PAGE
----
1. Legend:

  2. 1. Sufficient evidence supports efficacy for reducing pain-related behaviors (support of two or more trials).

  3. 2. Limited evidence suggests efficacy for reducing pain-related behaviors (e.g. support of 1 trial or heterogeneity among trials).

  4. 3. Limited evidence suggests inefficacy for reducing pain-related behaviors (e.g. support of 1 trial or heterogeneity among trials).

  5. 4. Sufficient evidence supports inefficacy for reducing pain-related behaviors (support of two or more trials).

Preterm Infants Neonates Older Infants
Reactivity Immediate regulation Reactivity Immediate regulation Reactivity Immediate regulation
Kangaroo care 1 1 3 3 - -
Non-nutritive sucking-related 1 1 1 1 - 2
Swaddling/tucking-related 1 1 2 - - -
Touch or massage-related - 3 3 3 3 -
Environment modification 3 2 - - - -
Simulated rocking and water 3 - - - - -
Simulated Mother's voice 3 - - - - -
Swallowing water 3 3 3 3 - 3
Rocking or holding - - 3 1 3 -
Toy distraction - - - - 4 3
Video distraction - - - - 2 2
Parent present - - - - - 3
Structured parent involvement - - - - 3 3
1. Kangaroo care

(Please see 'Summary of results Table 3' for SMDs and CIs for the effect of kangaroo care on pain-related distress reactivity and immediate regulation).

Table 3. Kangaroo care - pain-related distress
Age Pain responses No. of treatment arms No. of participants Statistical method Heterogeneity Effect size
Preterm Reactivity 5 236 Std. Mean Difference (IV, Random, 95% CI) P < 0.00001, sig.* -1.12 (-2.04 to -0.21)
Immediate regulation 5 222 Std. Mean Difference (IV, Random, 95% CI) P < 0.0001, sig.* -0.77 (-1.50 to -0.03)
Neonate Reactivity 2 420 Std. Mean Difference (IV, Random, 95% CI) P < 0.00001, sig.* -0.89 (-2.89 to 1.10)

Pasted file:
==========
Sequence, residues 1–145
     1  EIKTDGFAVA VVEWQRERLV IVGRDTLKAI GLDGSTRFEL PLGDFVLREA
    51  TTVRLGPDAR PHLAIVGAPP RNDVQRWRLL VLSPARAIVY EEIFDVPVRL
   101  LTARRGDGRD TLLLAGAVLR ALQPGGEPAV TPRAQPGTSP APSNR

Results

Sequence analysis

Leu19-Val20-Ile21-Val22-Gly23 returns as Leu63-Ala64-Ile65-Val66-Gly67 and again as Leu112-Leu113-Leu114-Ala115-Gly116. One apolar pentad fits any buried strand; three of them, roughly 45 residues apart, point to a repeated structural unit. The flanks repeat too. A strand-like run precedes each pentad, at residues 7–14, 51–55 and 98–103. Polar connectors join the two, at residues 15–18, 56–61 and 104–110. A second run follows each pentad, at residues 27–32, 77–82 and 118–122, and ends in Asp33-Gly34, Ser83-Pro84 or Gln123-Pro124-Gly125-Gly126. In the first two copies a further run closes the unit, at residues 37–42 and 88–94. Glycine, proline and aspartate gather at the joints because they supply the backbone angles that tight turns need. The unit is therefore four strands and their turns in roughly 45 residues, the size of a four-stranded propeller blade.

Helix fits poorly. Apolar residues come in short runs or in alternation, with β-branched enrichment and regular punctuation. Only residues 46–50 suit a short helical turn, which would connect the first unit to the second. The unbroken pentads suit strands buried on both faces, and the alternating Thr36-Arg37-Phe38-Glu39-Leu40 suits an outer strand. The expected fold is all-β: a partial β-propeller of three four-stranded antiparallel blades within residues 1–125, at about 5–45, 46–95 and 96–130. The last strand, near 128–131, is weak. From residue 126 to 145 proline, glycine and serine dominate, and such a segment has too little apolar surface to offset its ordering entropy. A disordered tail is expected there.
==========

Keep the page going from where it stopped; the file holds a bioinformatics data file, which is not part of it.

Immediate regulation 2 343 Std. Mean Difference (IV, Random, 95% CI) P = 0.02, sig* -0.66 (-1.73 to 0.42)
Older Infant Reactivity --- --- --- --- ---
Immediate regulation --- --- --- --- ---
i) Preterm infants
a.Pain reactivity

For preterm infants' pain reactivity, five treatment arms contributed to the finding that kangaroo care was significantly better than a no-treatment control group, with a SMD of -1.12 (95% CI -2.04 to -0.21). See Analysis 1.1 for the full analysis. However, the heterogeneity statistic (I2 = 89% ) suggested substantial heterogeneity among the treatment effects of the analyzed studies. Two studies contributed to the I2 statistic due to larger than average SMDs (de Sousa 2008; Ferber 2008). With these two studies removed, the SMD became -0.38 (95% CI -0.65 to -0.12; I2 = 0%).

b.Immediate regulation

Results from five treatment arms found that kangaroo care was significantly superior to control, with a SMD of -0.77 (95% CI -1.50 to -0.03), for the immediate regulation of pain-related distress in preterm infants. See Analysis 2.1 for the full analysis. However, the heterogeneity statistic (I2 = 82%) suggested substantial heterogeneity among the treatment effects of the analyzed studies. One study contributed to the I2 statistic due to a larger than average SMD (Ferber 2008). With this study removed, the SMD became -0.45 (95% CI -0.69 to -0.20; I2 = 0%), remaining significant.

ii) Neonates
a. Pain reactivity

Although the SMD for the effect of kangaroo care on pain reactivity in neonates fell in the negative range (-0.89), its CI included 0 (95% CI -2.89 to 1.10), indicating that kangaroo care may not significantly differ from a no-treatment control group. Only two studies were included in this sub-analyses and the heterogeneity quotient was substantial (I2 = 98%), indicating that the comparability of the two treatment effects may be questionable. See Analysis 3.1 for the full analysis.

b. Immediate regulation

The SMD for the effect of kangaroo care fell in the negative range (-0.66), but the CI included 0 (95% CI -1.73 to 0.42). Kangaroo care did not differ from a no-treatment control for immediate regulation of pain-related distress in neonates (see Analysis 4.1 for the full analysis). It should be noted that the heterogeneity quotient suggested substantial heterogeneity, thus, comparability of the two studies' results may be questionable (I2 = 82%).